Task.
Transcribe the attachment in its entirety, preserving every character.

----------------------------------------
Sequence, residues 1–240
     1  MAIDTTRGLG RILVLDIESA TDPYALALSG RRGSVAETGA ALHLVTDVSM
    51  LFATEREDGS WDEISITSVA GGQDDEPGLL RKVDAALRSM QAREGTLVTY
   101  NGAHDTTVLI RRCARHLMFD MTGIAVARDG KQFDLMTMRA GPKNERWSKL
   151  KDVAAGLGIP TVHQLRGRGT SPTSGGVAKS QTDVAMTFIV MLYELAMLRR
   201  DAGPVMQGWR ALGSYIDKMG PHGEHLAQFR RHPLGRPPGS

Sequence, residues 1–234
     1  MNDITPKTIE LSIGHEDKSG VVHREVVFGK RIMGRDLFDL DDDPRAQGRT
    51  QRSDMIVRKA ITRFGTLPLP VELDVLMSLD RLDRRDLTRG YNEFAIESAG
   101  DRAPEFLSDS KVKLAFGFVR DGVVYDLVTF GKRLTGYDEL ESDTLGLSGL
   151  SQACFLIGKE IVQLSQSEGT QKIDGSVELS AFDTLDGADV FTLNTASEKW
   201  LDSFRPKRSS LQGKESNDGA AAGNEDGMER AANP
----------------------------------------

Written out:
Sequence, residues 1–240
     1  MAIDTTRGLG RILVLDIESA TDPYALALSG RRGSVAETGA ALHLVTDVSM
    51  LFATEREDGS WDEISITSVA GGQDDEPGLL RKVDAALRSM QAREGTLVTY
   101  NGAHDTTVLI RRCARHLMFD MTGIAVARDG KQFDLMTMRA GPKNERWSKL
   151  KDVAAGLGIP TVHQLRGRGT SPTSGGVAKS QTDVAMTFIV MLYELAMLRR
   201  DAGPVMQGWR ALGSYIDKMG PHGEHLAQFR RHPLGRPPGS

Sequence, residues 1–234
     1  MNDITPKTIE LSIGHEDKSG VVHREVVFGK RIMGRDLFDL DDDPRAQGRT
    51  QRSDMIVRKA ITRFGTLPLP VELDVLMSLD RLDRRDLTRG YNEFAIESAG
   101  DRAPEFLSDS KVKLAFGFVR DGVVYDLVTF GKRLTGYDEL ESDTLGLSGL
   151  SQACFLIGKE IVQLSQSEGT QKIDGSVELS AFDTLDGADV FTLNTASEKW
   201  LDSFRPKRSS LQGKESNDGA AAGNEDGMER AANP